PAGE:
On Abner Abreu: "He has [ten] home runs already, so he is on pace for a 30+ home run season at 18 years old. He is very young, very strong, and is relatively versatile. We are not sure if he is going to be an infielder or an outfielder, but we are going to try and exhaust infield at this point. He probably has some of the best raw power in our organization. When you see him it is even more fun because he is only 185 pounds still. He has a big frame to grow into and a lot of strength to come. He is playing in major league ballparks [in the GCL], and with [ten] home runs through a 100-some at bats the quick math says that is well above average power."
On Carlos Santana: "It's fun to read about these guys and follow them for a couple weeks throughout the [trade] discussions, and then see it come to life when you get your hands on them and get to see them play and talk to the individuals. Santana has really been incredible, and he really stands out in the Carolina League. He loves to throw the ball behind the plate, he throws behind runners and he already has thrown out a few runners. He is at least an average or above average receiver. He has a great passion for catching and loves to take charge, and really that is exceptional to see from a guy who is just learning a second language. You can tell he is a leader and he doesn't have to do it with words as - quite frankly - at this point he can't. Offensively he is really impressive. He has power, discipline and a great feel for the bat. There are just some guys who find the sweet part of the bat more often and he is one of them. He is just a true hitter and really a promising piece we have added to the system. He is lean and is not a huge guy, but he is very athletic with a lot of strength. He is a guy who is somewhat traditional and from here I'd say he goes to Double-A next year, plays in Triple-A, and at that point we will determine where we are as a major league team. I think he is probably two years away from being considered a major league ready player."
On Hector Rondon: "You know, Rondon is a guy that just turned 20-years old and is up to 96 MPH. He loves to compete with the fastball on the plate almost too much. We are challenging him to throw more changeups and use his secondary pitches more, and that is usually a good sign when we have to do that because a lot of young pitchers will try to start to learn how to manipulate the ball that they need to throw more breaking balls and changeups and that usually stems from not having confidence in their fastball. Hector clearly has confidence in his fastball. It is a very good fastball and he still has tons of projection, is still growing, and has not reached his ceiling yet. Statistically he is one of the top five pitchers in the league, probably one of the best pitchers in the league at 19-20 years old."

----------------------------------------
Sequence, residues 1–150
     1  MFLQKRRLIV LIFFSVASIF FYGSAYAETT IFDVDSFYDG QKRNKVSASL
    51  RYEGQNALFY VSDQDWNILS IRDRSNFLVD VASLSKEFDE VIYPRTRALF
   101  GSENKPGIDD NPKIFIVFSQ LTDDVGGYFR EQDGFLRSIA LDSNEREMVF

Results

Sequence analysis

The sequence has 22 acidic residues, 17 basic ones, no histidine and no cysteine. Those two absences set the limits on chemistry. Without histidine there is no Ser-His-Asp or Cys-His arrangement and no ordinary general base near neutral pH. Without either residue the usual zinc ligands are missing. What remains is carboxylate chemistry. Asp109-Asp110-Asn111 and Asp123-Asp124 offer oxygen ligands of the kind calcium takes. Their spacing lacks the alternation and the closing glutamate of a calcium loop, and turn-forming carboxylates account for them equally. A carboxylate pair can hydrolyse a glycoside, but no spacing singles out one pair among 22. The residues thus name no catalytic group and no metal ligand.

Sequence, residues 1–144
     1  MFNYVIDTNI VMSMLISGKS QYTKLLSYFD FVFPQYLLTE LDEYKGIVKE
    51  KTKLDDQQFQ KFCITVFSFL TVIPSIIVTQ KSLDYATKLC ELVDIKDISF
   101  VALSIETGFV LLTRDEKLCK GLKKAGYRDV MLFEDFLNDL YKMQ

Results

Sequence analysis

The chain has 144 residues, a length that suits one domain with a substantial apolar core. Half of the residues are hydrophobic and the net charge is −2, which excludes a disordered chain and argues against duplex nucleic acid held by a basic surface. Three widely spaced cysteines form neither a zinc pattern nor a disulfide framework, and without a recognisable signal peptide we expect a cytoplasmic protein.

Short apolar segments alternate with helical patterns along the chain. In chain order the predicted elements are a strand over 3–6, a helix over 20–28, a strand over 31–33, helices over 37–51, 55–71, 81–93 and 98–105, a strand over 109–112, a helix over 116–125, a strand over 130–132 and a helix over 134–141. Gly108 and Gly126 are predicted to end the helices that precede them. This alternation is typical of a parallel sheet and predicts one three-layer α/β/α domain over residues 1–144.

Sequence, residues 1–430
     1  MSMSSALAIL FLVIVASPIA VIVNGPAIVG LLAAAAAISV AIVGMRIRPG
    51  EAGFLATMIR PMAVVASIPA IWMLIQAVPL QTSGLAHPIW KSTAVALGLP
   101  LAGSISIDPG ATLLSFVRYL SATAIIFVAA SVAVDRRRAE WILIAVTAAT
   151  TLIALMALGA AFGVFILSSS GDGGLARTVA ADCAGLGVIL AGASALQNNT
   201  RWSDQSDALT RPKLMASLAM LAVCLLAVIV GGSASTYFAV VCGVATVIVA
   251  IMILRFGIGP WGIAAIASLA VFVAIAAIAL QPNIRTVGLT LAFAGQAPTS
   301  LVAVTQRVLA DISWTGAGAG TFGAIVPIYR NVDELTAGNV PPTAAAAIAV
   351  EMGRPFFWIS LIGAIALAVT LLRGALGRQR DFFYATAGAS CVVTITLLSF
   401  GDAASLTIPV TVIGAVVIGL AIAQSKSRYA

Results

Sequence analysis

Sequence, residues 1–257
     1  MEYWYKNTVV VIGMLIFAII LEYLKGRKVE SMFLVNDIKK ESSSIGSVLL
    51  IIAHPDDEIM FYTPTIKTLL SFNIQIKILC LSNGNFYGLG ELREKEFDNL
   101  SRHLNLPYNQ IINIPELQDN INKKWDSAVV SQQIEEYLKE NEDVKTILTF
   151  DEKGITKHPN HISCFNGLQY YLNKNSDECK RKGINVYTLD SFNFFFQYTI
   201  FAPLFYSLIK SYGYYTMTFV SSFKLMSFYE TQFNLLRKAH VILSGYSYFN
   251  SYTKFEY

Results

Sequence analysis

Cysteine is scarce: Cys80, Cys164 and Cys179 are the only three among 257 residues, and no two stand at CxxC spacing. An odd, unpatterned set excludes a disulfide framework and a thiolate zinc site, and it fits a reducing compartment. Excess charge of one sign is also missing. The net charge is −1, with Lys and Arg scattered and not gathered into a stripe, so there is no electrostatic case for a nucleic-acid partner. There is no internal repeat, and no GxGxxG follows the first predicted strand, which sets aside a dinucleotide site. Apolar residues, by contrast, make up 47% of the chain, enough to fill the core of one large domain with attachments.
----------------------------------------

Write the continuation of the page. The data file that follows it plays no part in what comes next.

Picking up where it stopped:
On Beau Mills: "You know Beau has had a really great year, he really has and he expects more out of himself. He has had a .900 OPS year and he has hit a bunch of home runs and is playing a great first base. He has done everything we have expected of him, and I think there is even more offense in there. We just want to make sure that he has made all the adjustments he needs to make before he gets that promotion. He is already advancing at a relatively good clip, so there is not a ton of pressure to get him out of Kinston."
On Niuman Romero: "He has been a pleasant surprise that's for sure. Anyone who has had that kind of increase in their production is a nice surprise. I think it is a couple of things with Niuman. One is his maturity from a human standpoint in growing up and respecting what it means to be consistent as a human being and to come to the park with the same energy everyday. And then his physical maturation. Those two things occurring at the same time have created more offensive production. He has always been a consistent defensive player, and I think now he just has more confidence in his bat."
On Carlos Rivero: "He may have more power potential than any of our young hitters. He really hits the ball a long way in batting practice and doesn't have to generate his power. He just has some natural strength in his bat and he plays a premium position and does it pretty well. He just turned 20 years old, and really when you watch the major league shortstops around the game he is easy to project as a future major league shortstop."
On Kelvin De La Cruz: "He had one tough outing [so far in Kinston], but he has competed well. He hasn't had the best support behind him as I think in one game he had some tough breaks defensively. He has plus secondary pitches and is a 6'5" left-handed pitcher in this league. He is hard not to like, and he has shown a ton of ability with three average pitches. His fastball command is not there yet, but he is still competing here which I don't recall ever watching that occur in this league. That is very impressive."
Finocchi Battles Through Unhealthy Season